The government has written off $76 million in welfare overpayments, declaring it would cost more to chase the debt than to waive it.
The Department of Human Services overpaid 1.5 million people a total of $1.5 billion, an average of $1000 each, during 2015-16. It clawed back $920 million by deducting money owed from ongoing social security payments or tax refunds.
But it wrote off $76 million in debts that were solely due to administrative error, were less than $50 “and not cost effective to pursue’’, or in cases where the debtor was subject to “extreme and unusual circumstances that interfere with their capacity to pay’’.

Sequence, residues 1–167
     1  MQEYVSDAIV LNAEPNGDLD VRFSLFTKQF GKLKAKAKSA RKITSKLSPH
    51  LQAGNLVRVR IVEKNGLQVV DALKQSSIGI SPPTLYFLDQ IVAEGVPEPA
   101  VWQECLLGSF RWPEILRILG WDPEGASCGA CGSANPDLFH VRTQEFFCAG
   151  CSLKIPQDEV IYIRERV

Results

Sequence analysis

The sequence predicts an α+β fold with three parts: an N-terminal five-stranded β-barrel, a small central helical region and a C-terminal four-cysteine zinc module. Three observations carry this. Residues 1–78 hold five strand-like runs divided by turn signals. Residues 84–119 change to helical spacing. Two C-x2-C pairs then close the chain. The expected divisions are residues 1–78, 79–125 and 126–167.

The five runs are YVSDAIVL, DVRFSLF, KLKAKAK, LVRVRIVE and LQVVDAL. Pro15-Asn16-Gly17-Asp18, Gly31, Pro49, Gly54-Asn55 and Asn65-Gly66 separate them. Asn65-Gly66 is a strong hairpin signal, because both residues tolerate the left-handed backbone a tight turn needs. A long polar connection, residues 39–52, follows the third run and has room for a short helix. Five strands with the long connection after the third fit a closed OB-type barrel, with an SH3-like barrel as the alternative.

The debt does not include $148 million owed to the government by 76,526 families who have claimed too much family tax benefit.
The government will crack down on welfare debt next year under new laws that let it chase debts more than six years old.
From January 1, the government will start charging interest on social security debt in cases where the recipient refuses to repay the money.
People will be barred from flying overseas, even for a holiday, if they refuse to repay welfare debts including the dole, parenting payments or family benefits.
The Australian Council of Social Service yesterday warned that 731,300 children, or one in six, are now living in poverty.